White Castle

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White Castle

White Castle was the world's original fast-food restaurant chain. From humble beginnings in Wichita, Kansas, White Castle grew into a large-scale multi-state operation that was copied by innumerable competitors. It all began when Walter Anderson, a short-order cook, developed a process in 1916 for making the lowly regarded hamburger more palatable to a distrusting public. He soon had a growing business of three shops. In 1921, Anderson took on a partner, Edward Ingram, a real estate and insurance salesman. Ingram coined the name and image of "White Castle," based on the theory that "'White' signifies purity and 'Castle' represents strength, permanence and stability." By 1931 there were 115 standardized outlets in ten states. Previously, only grocery or variety stores had used the chain system. By providing inexpensive food in a clean environment at uniform locations over a wide territory, White Castle helped shape the fast-food industry that would dominate the lives and landscape of America at the end of the twentieth century.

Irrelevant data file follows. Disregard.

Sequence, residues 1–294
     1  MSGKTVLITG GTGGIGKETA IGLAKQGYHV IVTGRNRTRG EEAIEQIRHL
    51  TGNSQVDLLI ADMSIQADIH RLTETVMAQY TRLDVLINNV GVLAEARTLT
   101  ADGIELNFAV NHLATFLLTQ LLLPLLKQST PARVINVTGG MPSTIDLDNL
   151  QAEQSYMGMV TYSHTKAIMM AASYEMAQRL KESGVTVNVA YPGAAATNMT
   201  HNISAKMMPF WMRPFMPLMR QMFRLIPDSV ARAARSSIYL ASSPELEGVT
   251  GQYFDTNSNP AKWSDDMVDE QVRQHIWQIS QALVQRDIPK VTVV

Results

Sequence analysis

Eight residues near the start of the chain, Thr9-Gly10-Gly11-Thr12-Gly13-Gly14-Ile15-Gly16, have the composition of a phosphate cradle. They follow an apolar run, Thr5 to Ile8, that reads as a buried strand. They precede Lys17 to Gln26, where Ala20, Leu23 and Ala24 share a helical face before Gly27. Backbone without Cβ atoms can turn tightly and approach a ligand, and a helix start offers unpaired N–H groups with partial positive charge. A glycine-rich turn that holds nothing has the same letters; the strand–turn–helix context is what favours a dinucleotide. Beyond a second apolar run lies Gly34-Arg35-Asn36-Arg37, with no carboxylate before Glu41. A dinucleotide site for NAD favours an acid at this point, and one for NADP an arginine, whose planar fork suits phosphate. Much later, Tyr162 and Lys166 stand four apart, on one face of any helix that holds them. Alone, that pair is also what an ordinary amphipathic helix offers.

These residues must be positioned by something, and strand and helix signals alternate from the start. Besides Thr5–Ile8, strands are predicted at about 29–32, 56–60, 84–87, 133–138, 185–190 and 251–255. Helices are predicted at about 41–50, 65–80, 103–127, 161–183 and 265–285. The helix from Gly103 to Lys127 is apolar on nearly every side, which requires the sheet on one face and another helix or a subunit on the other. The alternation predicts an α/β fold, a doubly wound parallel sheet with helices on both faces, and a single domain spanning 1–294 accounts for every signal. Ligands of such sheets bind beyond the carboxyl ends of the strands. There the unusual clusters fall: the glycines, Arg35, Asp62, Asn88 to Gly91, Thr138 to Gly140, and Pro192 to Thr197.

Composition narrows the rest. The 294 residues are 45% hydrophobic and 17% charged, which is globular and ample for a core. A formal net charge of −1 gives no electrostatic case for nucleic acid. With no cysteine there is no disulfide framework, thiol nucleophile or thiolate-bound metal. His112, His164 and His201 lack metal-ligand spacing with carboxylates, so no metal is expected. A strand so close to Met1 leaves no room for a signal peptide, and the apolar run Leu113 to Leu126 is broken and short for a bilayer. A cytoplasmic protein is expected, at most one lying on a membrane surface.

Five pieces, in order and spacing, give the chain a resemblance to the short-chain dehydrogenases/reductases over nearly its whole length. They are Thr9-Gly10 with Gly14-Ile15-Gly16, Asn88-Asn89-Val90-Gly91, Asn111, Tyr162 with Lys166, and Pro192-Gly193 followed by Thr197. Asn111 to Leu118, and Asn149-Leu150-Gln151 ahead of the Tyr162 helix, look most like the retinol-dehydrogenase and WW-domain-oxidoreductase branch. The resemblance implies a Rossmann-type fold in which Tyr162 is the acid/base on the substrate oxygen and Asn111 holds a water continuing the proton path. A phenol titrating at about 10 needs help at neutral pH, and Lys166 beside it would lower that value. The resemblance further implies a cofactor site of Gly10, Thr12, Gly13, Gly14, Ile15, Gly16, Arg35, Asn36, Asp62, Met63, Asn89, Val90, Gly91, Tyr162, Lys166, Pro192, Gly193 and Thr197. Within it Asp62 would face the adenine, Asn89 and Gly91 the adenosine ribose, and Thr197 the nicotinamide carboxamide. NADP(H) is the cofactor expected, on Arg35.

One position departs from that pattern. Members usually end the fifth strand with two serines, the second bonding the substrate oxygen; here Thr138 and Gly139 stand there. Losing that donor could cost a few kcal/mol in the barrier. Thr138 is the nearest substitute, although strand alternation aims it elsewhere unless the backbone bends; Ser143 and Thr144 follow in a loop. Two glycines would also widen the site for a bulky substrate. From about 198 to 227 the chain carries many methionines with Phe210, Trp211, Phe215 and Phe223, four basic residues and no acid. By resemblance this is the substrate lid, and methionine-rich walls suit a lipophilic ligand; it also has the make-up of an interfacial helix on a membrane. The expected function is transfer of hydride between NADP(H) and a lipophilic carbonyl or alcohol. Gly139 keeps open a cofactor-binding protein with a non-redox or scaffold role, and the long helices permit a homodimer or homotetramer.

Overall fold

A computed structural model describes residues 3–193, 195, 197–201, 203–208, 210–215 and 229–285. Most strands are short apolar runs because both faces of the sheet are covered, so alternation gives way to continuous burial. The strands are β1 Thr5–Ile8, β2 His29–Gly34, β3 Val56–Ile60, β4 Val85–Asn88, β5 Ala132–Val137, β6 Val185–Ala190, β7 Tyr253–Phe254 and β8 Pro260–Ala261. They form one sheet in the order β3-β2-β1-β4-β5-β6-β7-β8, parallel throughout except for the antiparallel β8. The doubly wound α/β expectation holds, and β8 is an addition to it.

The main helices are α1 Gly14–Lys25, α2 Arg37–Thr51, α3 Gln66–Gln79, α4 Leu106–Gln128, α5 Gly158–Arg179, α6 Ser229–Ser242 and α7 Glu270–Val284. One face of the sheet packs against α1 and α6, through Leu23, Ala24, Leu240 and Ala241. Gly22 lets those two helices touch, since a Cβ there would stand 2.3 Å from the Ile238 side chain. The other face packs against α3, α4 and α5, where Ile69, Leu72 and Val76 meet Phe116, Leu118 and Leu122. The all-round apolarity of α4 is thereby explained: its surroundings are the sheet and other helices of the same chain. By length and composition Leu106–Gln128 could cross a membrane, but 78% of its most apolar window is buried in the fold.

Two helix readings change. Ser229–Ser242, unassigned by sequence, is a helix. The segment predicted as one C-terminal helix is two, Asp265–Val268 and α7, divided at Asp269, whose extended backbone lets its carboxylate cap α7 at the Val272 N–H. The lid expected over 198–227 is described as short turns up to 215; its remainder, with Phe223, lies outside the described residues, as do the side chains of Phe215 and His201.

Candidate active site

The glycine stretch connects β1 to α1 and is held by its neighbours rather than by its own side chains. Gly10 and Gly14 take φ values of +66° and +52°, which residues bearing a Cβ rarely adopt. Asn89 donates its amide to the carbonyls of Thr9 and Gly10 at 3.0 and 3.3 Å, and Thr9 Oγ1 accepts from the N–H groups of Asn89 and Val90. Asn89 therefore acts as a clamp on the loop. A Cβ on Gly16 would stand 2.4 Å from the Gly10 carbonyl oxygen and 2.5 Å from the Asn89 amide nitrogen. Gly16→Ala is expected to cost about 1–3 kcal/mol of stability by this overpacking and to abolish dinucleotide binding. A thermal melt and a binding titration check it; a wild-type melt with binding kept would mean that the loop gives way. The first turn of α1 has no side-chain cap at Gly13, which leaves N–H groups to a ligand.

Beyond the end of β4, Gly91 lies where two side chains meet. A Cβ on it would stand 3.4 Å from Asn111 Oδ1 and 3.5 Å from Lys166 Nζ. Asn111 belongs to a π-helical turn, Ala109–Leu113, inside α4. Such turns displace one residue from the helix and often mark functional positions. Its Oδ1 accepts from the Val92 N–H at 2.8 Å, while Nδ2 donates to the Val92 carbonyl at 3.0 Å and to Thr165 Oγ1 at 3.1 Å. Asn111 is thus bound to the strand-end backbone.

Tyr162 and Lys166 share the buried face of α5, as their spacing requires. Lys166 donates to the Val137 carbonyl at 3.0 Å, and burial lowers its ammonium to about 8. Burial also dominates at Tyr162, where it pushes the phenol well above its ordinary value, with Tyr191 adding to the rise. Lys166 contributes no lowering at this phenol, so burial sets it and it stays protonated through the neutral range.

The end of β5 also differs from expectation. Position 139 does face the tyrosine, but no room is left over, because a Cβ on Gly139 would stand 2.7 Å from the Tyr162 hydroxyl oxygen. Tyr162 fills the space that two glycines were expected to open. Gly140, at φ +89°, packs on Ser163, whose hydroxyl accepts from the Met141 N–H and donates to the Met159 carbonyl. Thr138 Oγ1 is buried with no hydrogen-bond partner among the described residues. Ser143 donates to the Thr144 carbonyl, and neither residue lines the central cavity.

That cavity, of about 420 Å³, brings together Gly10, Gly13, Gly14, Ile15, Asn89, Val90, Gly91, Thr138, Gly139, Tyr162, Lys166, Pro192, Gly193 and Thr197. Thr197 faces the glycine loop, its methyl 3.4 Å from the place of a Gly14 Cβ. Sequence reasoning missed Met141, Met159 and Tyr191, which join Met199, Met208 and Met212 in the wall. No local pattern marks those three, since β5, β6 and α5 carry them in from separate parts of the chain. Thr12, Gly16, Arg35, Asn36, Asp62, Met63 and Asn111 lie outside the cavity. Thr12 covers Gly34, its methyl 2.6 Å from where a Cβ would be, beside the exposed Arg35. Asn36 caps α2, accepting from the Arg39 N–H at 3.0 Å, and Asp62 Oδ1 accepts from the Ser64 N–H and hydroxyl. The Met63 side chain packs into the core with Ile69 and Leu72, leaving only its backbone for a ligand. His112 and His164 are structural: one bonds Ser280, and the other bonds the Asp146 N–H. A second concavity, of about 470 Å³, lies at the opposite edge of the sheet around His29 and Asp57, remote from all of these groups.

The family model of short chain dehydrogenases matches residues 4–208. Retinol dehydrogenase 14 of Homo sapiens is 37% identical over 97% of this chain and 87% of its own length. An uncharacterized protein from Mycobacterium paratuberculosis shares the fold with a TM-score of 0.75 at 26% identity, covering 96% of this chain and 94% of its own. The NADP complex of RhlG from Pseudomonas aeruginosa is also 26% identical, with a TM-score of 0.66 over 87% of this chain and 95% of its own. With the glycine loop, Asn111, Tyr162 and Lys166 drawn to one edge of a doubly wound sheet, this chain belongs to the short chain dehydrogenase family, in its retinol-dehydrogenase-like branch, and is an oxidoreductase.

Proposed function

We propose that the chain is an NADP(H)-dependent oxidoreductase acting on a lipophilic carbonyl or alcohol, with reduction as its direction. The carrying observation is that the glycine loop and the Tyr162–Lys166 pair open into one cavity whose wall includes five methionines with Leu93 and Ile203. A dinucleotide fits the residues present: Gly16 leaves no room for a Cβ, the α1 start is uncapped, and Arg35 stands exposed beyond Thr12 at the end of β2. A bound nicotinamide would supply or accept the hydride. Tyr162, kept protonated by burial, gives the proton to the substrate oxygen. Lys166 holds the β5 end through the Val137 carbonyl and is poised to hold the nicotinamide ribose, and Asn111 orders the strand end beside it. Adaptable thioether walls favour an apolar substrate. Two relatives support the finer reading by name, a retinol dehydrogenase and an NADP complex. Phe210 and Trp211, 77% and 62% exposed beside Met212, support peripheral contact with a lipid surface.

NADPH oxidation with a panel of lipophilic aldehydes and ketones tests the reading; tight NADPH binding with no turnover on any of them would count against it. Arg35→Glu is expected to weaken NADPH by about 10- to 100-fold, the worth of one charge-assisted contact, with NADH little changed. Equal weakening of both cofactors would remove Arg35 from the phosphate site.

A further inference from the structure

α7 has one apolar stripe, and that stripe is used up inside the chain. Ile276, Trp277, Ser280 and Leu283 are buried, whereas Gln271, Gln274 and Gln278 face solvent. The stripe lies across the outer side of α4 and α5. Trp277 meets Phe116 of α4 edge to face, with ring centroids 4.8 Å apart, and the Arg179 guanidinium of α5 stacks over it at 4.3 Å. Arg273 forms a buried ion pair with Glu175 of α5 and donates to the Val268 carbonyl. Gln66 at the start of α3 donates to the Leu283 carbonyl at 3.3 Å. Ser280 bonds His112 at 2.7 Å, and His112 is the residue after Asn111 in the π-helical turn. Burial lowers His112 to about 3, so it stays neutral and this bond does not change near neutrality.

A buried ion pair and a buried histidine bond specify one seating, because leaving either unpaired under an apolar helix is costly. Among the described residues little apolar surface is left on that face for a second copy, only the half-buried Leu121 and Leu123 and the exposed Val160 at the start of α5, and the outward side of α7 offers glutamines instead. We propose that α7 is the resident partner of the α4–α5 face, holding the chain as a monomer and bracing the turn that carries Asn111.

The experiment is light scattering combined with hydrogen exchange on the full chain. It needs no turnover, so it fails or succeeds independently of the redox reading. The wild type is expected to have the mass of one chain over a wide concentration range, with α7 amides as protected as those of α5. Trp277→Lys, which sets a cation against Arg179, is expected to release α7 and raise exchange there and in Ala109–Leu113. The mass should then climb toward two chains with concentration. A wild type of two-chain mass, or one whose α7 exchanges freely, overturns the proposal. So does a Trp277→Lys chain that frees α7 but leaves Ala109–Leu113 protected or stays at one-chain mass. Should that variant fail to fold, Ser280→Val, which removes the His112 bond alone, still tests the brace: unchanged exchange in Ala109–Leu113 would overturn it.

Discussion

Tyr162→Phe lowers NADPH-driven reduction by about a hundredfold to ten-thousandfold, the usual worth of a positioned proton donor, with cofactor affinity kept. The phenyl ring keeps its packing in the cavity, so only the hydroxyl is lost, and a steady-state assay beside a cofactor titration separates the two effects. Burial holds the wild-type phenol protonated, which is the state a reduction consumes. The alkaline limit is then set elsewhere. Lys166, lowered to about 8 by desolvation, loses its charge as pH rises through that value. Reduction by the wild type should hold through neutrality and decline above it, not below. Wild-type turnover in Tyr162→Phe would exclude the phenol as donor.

—Dale Allen Gyure

Further Reading:

Hogan, David Gerald. Selling 'em by the Sack: White Castle and the Creation of American Food. New York, New York University Press, 1998.

Ingram, E.W., Sr. All This from a 5-cent Hamburger! New York, Newcomen Society in North America, 1975.

Langdon, Philip. Orange Roofs, Golden Arches: The Architecture of America's Chain Restaurants. New York, Alfred A. Knopf, 1986.